Furthermore the last study the scientists created involved observing yoga students and their stick-to-it-ness and enthusiasm to reap the long-term benefits of practicing yoga regularly. This study was different than the others, in that it showed that you can be negatively impacted, without even knowing it, by outside influences suggesting that you should do yoga for the long term benefits.

They found that in "accidentally observing” a magazine cover that spoke about the long term benefits of yoga the student then enjoyed their yoga class less, and subsequently expressed less commitment to come to future classes!

"This last study suggests that, once our projects are underway, not only should we beware choosing to stay too focused on our goals, we must also guard against the detrimental effect of outside reminders. So, rip down those wall posters of slender models; ignore the latest Pulitzer long list; hide the photos of Provence. That way you’re more likely to lose weight, write a bestseller, and master your French….. ” - Christian Jarrett (original article: How Goals and Good Intentions Can Hold Us Back)

"Revel in the process and you’re more likely to make it to the finishing line."

It appears that when you engage with an activity just for the sake of experiencing it, the results are that you enjoy the activity far more, and are far more likely to engage in the activity again and again. Maybe even become a master teacher or expert athlete, but that’s not the point! Because if your focus is to become a pro-golfer, a marathon winning junkie, a star studded recording artist, or a cup cake baking queen you’re less likely to actually achieve your intention. Most virtuosos have attained their level of expert authority out of the sheer obsessed enthusiasm they experience in engaging repeatedly in their area of expertise.

What does that mean for us regular Joe’s who are trying to lose a few pounds, write that book, finish that abandoned project in the garage, or learn to play guitar like Jimi Hendrix? You’ll be happier, enjoy yourself more, and are far more likely to achieve said goal if you drop your focused intention and live in the moment of the experience you are engaging in.

The most beautiful thing we can experience is the mysterious. It is the source of all true art and all science. He to whom this emotion is a stranger, who can no longer pause to wonder and stand rapt in awe, is as good as dead: his eyes are closed.
— Albert Einstein

Each month, each year, we hope will be better than before, and we continuously set new bars for ourselves and raise our expectations of our experiences. Each year we begin with fresh hope as we start the new year reinvigorated in our pledge to make a change in our lives. But then as the months go by its difficult to hold the vision and maintain the energy to achieve that goal… and that’s Ok.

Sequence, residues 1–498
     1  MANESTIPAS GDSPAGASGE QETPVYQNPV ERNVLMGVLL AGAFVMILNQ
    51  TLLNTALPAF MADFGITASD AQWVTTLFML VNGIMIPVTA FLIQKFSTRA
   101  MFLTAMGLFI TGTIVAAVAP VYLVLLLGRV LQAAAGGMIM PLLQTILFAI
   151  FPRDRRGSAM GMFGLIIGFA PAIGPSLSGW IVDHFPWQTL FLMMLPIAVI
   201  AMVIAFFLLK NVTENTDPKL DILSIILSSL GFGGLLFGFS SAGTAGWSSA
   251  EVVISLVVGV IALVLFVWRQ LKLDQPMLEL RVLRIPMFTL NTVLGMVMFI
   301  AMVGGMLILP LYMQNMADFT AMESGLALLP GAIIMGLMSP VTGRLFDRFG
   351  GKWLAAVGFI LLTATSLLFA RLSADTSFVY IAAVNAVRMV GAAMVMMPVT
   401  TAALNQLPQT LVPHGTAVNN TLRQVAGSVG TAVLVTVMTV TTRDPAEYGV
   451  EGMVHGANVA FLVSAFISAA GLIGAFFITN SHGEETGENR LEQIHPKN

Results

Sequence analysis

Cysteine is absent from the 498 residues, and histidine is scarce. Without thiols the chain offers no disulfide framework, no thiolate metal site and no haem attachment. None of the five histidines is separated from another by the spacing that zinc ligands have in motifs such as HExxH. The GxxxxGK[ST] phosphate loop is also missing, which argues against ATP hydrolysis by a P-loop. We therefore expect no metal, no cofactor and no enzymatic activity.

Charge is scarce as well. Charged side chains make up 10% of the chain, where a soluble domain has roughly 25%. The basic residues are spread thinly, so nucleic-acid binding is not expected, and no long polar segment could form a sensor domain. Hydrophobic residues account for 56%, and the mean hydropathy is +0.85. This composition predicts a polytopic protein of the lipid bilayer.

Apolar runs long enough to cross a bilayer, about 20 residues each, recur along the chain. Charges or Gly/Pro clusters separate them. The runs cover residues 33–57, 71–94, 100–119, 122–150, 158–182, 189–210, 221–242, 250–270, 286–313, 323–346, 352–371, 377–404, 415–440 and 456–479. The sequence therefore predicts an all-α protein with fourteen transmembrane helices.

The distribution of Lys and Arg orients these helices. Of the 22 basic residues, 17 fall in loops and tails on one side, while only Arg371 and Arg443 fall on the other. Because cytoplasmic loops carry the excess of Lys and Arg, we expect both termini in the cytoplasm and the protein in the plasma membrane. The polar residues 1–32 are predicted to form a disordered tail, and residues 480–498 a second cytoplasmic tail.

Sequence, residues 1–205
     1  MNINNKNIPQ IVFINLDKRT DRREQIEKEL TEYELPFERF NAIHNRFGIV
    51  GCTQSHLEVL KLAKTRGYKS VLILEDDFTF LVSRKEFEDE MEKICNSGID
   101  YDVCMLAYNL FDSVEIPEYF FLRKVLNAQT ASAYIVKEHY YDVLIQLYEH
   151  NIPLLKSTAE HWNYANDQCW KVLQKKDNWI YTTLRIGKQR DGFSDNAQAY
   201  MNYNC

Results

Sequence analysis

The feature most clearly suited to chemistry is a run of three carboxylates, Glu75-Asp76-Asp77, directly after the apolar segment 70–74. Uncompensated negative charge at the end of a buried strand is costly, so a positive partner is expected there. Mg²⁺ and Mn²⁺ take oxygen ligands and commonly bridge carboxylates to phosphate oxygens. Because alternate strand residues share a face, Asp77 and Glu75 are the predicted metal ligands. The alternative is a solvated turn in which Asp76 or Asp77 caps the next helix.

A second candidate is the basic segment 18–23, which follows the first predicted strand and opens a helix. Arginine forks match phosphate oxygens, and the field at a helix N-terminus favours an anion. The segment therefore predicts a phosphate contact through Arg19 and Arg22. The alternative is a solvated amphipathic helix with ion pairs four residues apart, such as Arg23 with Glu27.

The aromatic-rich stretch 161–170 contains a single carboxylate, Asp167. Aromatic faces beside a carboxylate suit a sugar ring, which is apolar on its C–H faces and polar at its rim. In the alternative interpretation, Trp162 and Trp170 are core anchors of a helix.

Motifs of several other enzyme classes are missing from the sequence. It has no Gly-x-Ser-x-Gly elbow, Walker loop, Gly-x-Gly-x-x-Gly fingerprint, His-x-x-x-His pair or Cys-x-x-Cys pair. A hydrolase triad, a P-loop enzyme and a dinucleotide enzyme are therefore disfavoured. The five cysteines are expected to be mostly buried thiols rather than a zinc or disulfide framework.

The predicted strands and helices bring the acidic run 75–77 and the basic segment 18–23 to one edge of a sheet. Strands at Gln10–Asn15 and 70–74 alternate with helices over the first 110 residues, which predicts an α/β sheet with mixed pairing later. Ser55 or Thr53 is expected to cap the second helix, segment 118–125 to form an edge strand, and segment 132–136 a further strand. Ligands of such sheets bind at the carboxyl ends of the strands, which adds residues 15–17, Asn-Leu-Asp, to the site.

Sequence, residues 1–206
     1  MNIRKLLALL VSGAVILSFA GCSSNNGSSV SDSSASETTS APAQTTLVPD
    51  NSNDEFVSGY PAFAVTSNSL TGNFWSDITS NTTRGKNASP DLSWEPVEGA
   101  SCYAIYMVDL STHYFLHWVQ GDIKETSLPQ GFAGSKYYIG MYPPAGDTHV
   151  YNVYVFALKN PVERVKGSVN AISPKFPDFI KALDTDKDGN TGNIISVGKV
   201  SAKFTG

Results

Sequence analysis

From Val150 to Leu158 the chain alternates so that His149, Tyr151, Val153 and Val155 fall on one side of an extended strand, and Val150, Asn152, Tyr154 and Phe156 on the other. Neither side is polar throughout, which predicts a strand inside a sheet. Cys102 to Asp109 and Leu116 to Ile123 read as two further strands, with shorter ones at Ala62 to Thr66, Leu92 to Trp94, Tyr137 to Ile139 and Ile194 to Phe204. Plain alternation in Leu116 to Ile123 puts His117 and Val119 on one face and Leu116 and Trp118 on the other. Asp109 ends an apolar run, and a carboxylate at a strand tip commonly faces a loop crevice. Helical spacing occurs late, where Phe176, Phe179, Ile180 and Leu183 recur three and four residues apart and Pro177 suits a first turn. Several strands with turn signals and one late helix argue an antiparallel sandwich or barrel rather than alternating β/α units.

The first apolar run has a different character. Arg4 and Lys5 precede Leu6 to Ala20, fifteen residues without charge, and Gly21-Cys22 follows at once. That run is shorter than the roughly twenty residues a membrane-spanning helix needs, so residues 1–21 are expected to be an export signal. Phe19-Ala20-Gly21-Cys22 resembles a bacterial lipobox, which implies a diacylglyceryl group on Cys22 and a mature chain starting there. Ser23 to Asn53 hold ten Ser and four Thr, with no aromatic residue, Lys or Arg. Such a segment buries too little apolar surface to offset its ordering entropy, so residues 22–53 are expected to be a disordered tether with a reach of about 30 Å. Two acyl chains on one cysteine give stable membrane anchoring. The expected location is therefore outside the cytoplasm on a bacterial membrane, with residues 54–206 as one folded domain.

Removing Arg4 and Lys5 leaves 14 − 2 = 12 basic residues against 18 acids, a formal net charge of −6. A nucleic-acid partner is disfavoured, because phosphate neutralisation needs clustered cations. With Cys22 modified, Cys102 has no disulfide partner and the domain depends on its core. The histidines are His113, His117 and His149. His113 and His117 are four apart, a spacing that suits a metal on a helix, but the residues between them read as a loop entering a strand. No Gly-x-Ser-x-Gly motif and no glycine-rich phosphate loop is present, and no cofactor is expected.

The best focus we can keep to really create change, feel different, and finish that project is to be intent on the joy of the experience you are having in each moment of doing and being. Fuse this attitude to the core of everything we do, or set out to do, and we are far more likely to achieve our life goals and experience more enjoyment in our daily lives.

A journey is a person in itself; no two are alike. And all plans, safeguards, policing, and coercion are fruitless. We find that after years of struggle that we do not take a trip; a trip takes us.
— John Steinbeck

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In this radical freedom from limitation, you will experience firsthand why this exploring deeply is not only a powerful doorway to awakening, but one of the essential qualities of spiritual liberation itself.

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Chloë Rain is the Founder of Explore Deeply and the Explore Deeply Movement.

She has had the pleasure of mentoring women and men all over the globe to learn to source their inner power, deepen their relationship to their own guidance, and experience greater love and fulfillment, so they can enjoy the happiness they have always wanted, and have confidence and joy in their lives.

Many of her clients find that their relationships and careers shift dramatically in new and exciting ways after doing this work, creating freedom and fulfillment in their personal and professional lives. To find out more about working with Chloë go → here.

Please feel free to share content freely from Explore Deeply™. However, please be courteous and link back to the original post, and credit Explore Deeply as well as the writer where applicable. I hope you find many resources here to serve you as you walk your path of purpose.